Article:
Walter Russell Mead outlines two possible futures for middle-class Americans: one where most of us lose “the race against the machine,” the other where smart government policies enable an eventual successful transition to an economy where IT and robots do a shockingly large percentage of the jobs humans do today — but the carbon-based life forms still have plenty of meaningful work to do.
Mead calls that first scenario, “Bladerunner with food stamps.” Mead:
“ It’s likely that an information age welfare state would consist of two components: straight out welfare and “social inclusion” payments for some, subsidized make-work jobs (like Postal Service employment in an age of email) for others. …
If the information economy works like this, the whole country would start looking more like California and New York City: unbridgeable class divides, huge inequality, fountains of innovation, and tiny islands of great wealth and privilege surrounded by proles on the dole. Inside the glittering bubble, the digirati and their courtiers would live lives of intense purpose and excitement.
Outside the bubble, meaning would be the good in scarcest supply. . … Bellies will be full, but lives will be empty, and with that emptiness will come ills of every kind: addiction, brutality, ugly, and stunted sexual and emotional lives for many, neglect of the young and the old.”
But it doesn’t have to be that way, Mead writes. We can have a future of rising wages, plentiful middle-class jobs in the IT age. His suggestions:
1. “First, make hiring easy and cheap.” Get rid of employer-based social insurance and pension programs. Let government pay for the employer’s share of social insurance out of general tax revenues.
2. “Put the service economy and especially small business and entrepreneurship front and center.” Barriers to entry must fall. Regulation that make it difficult to start a business or enter a profession must be reformed. ”Zoning and housing policy should look for ways to encourage homes to be used as workplaces as well as living spaces.”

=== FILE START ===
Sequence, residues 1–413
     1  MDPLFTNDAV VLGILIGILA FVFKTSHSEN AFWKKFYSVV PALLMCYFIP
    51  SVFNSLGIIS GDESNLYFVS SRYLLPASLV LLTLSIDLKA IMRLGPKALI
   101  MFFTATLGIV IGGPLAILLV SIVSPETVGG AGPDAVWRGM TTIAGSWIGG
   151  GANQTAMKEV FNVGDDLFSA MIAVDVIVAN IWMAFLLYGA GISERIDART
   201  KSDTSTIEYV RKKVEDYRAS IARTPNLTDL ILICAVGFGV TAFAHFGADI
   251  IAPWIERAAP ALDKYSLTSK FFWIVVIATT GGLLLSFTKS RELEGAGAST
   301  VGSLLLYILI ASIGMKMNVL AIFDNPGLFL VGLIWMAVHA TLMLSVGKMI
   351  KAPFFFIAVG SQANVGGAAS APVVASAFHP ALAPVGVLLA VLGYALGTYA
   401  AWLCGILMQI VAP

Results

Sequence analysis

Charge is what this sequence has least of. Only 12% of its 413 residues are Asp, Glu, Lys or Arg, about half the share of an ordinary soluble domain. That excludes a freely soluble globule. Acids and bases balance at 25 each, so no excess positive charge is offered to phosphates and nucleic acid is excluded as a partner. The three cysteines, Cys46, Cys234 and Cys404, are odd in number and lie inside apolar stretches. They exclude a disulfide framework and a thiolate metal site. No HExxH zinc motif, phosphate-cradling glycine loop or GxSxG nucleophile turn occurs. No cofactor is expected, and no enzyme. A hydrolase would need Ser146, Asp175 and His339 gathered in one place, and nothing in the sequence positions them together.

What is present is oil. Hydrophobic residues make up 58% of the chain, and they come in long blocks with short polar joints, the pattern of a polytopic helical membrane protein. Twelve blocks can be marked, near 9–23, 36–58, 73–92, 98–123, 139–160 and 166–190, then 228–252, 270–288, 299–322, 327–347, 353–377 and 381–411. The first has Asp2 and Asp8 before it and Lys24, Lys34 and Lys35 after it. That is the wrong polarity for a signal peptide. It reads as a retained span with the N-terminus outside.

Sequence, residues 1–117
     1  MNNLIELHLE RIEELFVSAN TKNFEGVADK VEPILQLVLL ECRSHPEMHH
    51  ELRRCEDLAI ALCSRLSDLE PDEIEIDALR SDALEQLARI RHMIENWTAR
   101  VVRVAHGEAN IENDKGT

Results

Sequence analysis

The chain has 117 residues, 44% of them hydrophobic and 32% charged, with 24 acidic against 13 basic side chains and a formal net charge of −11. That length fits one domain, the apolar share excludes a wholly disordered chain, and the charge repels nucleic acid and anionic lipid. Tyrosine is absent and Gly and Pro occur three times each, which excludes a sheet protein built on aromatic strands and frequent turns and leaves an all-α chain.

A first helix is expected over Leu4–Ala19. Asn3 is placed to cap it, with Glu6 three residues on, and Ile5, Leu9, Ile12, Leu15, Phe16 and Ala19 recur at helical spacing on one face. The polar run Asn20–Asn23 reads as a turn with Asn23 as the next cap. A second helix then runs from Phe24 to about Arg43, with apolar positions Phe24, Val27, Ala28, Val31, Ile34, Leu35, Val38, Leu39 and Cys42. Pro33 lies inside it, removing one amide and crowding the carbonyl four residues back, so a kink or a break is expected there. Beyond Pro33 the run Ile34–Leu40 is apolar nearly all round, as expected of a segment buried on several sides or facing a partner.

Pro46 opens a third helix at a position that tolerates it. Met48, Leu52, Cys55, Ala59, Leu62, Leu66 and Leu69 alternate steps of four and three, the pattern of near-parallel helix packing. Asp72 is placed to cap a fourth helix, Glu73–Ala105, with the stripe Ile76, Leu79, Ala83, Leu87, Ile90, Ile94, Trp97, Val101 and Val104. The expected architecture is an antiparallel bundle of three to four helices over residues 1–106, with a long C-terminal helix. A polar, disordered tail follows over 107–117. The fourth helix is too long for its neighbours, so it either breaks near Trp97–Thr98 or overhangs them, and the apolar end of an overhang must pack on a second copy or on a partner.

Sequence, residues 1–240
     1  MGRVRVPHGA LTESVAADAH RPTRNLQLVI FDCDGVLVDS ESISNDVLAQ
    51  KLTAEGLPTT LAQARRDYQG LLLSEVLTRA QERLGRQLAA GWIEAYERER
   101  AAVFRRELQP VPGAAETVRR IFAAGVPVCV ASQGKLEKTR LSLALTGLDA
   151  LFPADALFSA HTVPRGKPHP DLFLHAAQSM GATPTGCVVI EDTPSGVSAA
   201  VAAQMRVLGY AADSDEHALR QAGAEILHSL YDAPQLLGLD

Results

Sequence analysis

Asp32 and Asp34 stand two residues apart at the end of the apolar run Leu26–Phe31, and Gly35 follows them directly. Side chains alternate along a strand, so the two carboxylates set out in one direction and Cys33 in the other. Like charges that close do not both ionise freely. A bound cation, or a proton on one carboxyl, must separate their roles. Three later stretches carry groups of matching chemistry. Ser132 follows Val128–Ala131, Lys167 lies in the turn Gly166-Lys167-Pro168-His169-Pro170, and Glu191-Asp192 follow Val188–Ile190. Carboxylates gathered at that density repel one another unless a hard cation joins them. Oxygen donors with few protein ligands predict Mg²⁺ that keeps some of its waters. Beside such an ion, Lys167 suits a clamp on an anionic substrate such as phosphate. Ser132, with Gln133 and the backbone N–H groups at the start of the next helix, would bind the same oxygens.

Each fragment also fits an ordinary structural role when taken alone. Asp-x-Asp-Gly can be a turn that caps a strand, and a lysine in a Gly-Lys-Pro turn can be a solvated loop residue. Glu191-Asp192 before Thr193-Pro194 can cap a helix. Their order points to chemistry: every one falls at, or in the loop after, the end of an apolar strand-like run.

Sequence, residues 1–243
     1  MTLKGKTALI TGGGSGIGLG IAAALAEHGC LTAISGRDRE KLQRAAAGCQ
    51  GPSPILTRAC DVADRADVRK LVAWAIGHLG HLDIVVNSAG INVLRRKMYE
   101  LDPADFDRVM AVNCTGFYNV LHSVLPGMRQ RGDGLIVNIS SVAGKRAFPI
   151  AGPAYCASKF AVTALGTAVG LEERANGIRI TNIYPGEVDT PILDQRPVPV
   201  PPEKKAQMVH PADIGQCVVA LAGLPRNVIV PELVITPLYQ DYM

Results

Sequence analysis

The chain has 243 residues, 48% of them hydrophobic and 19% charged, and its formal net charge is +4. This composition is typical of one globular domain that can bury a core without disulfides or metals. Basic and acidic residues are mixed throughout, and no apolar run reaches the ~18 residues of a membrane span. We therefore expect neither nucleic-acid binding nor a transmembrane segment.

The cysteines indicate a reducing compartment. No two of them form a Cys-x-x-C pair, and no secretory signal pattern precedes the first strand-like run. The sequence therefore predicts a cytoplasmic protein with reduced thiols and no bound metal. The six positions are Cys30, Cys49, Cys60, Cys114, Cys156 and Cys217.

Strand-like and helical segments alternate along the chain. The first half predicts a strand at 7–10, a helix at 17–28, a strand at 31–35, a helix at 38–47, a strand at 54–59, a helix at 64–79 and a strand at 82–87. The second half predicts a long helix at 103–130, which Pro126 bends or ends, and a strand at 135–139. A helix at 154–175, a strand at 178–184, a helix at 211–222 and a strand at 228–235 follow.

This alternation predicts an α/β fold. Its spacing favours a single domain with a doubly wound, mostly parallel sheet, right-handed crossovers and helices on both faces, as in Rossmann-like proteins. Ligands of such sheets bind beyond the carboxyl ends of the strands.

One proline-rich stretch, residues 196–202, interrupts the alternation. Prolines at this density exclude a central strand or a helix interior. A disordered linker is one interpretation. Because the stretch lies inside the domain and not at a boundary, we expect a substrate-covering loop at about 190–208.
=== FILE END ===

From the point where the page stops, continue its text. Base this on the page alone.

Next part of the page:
3. “We need to feed the state to the people even as we individualize its services.” End government monopolies on providing what are thought of as government services. “Turning bureaucratic government institutions into voucher-based programs will both stimulate the rise of a new type of service-oriented industry and provide better tailored government services at a reasonable cost.”
Of course, right now we are doing none of these things. At this point, Obamacare is a disincentive to hire full-time workers. And liberals have attacked conservative ideas to inject more choice and competition into government programs. Does Washington have an explicit entrepreneurial agenda? I don’t think so.
Mead’s essay make a great companion piece to Brink Lindsey’s excellent new book, Human Capitalism, where he notes a disconnect between the demand for high-skill human capital and out current ability to widely provide a fertile environment for its development. His similar agenda: 1) maintain economic growth by encouraging entrepreneurship, 2) reform K-12 education by unleashing competition, 3) compensate for disadvantaged environments through early childhood interventions, 4) combat social exclusion of low-skilled adults, 5) improve higher education by limiting tuition subsidies, 6) remove regulatory burdens to entrepreneurship and upward mobility.
American Enterprise Institute
May 23, 2013
America Is Turning Into ‘Blade Runner With Food Stamps’